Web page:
Last week the Government told relatives wanting help with legal fees at the new hearings that direct Home Office funding had been refused.

Belfast Telegraph
29 Sept 2016

Michael McKevitt

Real IRA Leader Michael McKevitt had appealed over a civil court finding against him.

A bid by two republicans to overturn a landmark civil ruling that found them responsible for the Omagh bomb has been rejected by the European Court of Human Rights.

Convicted Real IRA chief Michael McKevitt and Co Louth man Liam Campbell were two of four republicans ordered to pay £1.6 million in damages to bereaved relatives who took the historic case.

The Real IRA outrage in the Co Tyrone market town in August 1998 killed 29 people, including a woman pregnant with twins, and injured 200 others.

The pair took their case to Europe, arguing that the civil trial in Belfast High Court had been unfair.

They said the judge should have applied a criminal rather a civil standard of proof, due to the severity of the allegations, and further claimed that the evidence of an FBI agent heard during the trial should not have been admitted.

The seven ECHR judges unanimously rejected the case and made clear their decision was final.

"The applicants had not demonstrated that their trial was unfair, and the Court dismissed their applications," said an ECHR statement.

McKevitt was jailed for 20 years in August 2003 after being convicted of directing a terrorist organisation and being a member of the Real IRA.

The ECHR case was the latest in a series of separate legal attempts by the four defendants to overturn the 2009 civil judgment.

The relatives who took the action are still pursuing the damages.

No one has ever been criminally convicted of the bomb, which inflicted the most bloodshed of an single atrocity during the Northern Ireland Troubles.

One of the key witnesses in the families' case was FBI agent David Rupert, who had infiltrated the Real IRA.

He did not attend the trial in person due to concerns about his security and medical condition.

McKevitt and Campbell argued that their lawyers' inability to cross-examine Mr Rupert had been unfair.

The ECHR dismissed this argument, insisting the trial judge had taken the "appropriate safeguards and considerations" in dealing with the evidence of an absent witness.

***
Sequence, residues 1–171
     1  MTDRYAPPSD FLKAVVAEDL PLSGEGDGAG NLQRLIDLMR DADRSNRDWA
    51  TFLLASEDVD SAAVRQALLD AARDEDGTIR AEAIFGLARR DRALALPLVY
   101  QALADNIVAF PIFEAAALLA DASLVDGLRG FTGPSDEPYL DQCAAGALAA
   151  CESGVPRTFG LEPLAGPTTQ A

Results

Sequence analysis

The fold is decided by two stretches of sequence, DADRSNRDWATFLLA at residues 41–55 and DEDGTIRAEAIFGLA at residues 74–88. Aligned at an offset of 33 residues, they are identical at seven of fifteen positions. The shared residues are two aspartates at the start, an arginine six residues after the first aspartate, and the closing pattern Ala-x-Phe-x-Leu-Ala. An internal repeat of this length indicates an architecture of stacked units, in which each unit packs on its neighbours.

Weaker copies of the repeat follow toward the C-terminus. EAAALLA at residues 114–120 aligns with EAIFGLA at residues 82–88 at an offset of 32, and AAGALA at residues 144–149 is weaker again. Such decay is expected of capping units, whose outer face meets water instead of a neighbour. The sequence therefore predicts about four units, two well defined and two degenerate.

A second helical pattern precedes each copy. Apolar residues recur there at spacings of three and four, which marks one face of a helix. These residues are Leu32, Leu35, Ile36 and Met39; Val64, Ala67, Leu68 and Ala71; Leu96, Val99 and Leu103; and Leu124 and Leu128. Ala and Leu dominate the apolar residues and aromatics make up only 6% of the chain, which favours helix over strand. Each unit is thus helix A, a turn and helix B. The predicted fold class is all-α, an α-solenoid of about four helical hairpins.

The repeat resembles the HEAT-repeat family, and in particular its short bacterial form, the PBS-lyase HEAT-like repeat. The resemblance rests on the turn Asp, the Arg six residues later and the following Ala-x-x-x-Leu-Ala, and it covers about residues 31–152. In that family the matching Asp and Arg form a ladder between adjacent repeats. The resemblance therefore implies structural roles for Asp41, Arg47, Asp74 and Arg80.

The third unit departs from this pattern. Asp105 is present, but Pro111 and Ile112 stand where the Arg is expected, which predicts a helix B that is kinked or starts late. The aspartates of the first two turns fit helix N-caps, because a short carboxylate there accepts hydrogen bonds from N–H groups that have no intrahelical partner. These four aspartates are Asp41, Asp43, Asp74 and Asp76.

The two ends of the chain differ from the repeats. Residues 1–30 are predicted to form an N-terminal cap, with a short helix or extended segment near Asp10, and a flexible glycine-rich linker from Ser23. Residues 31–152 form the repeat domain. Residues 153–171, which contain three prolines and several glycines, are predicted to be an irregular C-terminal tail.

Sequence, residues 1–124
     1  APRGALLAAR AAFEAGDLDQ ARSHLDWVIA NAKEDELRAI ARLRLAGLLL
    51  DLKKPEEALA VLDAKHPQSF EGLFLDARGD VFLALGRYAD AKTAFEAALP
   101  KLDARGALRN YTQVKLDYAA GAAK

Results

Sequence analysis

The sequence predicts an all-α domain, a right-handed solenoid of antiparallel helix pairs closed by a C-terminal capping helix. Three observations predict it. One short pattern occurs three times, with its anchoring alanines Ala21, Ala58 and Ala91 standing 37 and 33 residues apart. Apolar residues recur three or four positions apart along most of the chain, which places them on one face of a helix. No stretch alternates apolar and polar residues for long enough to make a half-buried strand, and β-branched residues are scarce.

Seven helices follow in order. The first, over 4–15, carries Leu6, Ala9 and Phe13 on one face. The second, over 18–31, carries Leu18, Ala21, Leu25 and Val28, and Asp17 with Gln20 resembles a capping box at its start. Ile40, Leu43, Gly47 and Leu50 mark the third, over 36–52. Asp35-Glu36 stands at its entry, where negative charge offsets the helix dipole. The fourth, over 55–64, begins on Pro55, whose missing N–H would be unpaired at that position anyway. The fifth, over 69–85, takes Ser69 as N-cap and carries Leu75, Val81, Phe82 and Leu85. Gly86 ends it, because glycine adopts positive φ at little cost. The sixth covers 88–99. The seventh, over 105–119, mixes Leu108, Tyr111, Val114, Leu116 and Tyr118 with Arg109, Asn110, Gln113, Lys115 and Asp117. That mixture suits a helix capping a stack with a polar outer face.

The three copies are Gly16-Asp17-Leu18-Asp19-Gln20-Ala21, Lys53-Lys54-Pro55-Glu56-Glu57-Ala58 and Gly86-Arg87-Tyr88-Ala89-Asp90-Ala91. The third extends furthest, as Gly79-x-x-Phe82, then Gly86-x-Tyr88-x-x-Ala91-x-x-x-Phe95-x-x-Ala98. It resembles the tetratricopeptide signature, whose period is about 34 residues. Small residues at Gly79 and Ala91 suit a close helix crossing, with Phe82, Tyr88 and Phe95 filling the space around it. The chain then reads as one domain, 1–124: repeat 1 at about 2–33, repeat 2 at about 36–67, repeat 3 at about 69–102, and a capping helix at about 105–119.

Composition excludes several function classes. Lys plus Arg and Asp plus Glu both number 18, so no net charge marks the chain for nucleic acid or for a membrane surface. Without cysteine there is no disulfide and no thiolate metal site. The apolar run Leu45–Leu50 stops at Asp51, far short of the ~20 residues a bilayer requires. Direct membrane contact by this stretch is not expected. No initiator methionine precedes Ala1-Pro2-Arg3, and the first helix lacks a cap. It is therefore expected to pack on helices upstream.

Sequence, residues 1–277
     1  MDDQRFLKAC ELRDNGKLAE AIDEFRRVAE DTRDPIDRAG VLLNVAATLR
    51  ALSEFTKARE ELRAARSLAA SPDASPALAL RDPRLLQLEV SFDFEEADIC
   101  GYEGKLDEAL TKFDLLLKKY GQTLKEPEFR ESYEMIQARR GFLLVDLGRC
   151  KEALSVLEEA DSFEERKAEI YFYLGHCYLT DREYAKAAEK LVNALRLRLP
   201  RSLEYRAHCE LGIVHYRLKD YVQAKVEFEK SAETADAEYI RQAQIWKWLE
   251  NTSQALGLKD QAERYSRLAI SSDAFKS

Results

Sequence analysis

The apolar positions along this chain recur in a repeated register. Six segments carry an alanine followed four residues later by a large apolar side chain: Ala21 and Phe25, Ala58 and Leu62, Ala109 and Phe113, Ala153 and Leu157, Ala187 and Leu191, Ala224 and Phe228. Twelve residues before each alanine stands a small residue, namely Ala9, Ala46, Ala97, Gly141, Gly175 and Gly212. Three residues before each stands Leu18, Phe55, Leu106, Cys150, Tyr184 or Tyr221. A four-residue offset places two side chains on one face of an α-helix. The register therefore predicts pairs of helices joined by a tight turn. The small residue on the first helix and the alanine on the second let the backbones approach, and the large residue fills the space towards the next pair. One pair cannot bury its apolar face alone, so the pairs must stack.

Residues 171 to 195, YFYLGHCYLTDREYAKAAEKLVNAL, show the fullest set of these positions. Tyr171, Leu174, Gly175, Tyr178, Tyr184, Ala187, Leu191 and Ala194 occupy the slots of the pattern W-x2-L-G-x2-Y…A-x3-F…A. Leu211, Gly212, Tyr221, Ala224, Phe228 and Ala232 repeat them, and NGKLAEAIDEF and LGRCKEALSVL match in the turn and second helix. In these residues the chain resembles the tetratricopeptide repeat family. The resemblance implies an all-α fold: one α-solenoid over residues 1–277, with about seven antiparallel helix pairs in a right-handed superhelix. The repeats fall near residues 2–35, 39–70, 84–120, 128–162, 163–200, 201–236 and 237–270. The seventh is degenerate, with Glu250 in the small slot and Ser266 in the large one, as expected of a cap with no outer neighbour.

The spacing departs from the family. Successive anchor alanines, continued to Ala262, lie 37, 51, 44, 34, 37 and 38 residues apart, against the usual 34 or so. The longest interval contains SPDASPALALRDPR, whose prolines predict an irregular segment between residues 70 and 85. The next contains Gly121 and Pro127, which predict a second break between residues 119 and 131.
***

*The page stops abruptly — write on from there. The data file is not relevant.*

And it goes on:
The applicants also claimed the judge should have applied a criminal standard of proof - beyond reasonable doubt - rather than a civil one - balance of probabilities - due to the severity of the allegations facing them.

The European judges said that was not necessary because the proceedings had been for a civil claim for damages and there had been no criminal charge involved.

Rejecting both grounds for the application, the ECHR said: "The Court found that the national court's findings could not be said to have been arbitrary or unreasonable."

Michael Gallagher, whose son Aiden was killed in the bomb, described the ruling as "vindication" for the families.

"We feel like we have been under siege since the first judgment, with appeal after appeal," he said.

"We are relieved it is now over. The families have been vindicated.

"Enormous expense has been paid by taxpayers to make sure these people got the best of British and European justice. The British and Irish Governments must now make sure the interests of the victims comes first."

He said the authorities had to help the families recover the money owed to them.

"It would be a very hollow judgment if it was only words," he said.

"These people value money and it's where it can hurt them and both governments must work together to make sure the families receive the money that was awarded to them."

Mr Gallagher made clear the bereaved relatives would continue to campaign for a full cross-border inquiry into the Omagh bombing, amid persistent claims the outrage could have been prevented.

Diane Dodds, Democratic Unionist MEP, said it was unfair that the men had access to legal aid to fight their case in Europe and branded it an abuse of human rights laws.

"The reality is whilst these individuals had full access to legal aid during the appeal process, the families of those murdered in the Omagh bombing have not received a single penny from the civil ruling," she said.

"Innocent victims are tired of these double-standards."

Kirsty Blake Knox
Irish Independent
22 Sept 2016

 photo Dr-John-Anthony-oGrady.jpg

Dr John Anthony O’Grady

Dublin dentist Dr John Anthony O'Grady will be laid to rest at the Church of St Mary, Star of the Sea, Sandymount, this Saturday at 11am.

Dr O'Grady passed away at Blackrock Clinic following an illness on September 20.

He was subjected to a vicious kidnapping ordeal at the hands of ex-IRA man Dessie O'Hare in 1987.

Dr O'Grady, who had his dental surgery in Ballsbridge, was kidnapped from his home in Cabinteely on October 13, 1987, by O'Hare, also known as the 'Border Fox'. He was held captive for 23 days before his release. O'Hare was sentenced to 40 years in prison.

Dr O'Grady is survived by his partner Rachel, children Darragh, Anthony, Louise and their mother Marise, and his siblings Willie and Catherine.


News Letter
23 Sept 2016

Tributes have been paid to Dublin dentist John O’Grady who had two fingers cut off by former south Armagh IRA terrorist Dessie O’Hare. Mr O’Grady suffered the horrendous ordeal after being kidnapped from his Dublin home by Mr O’Hare in 1987.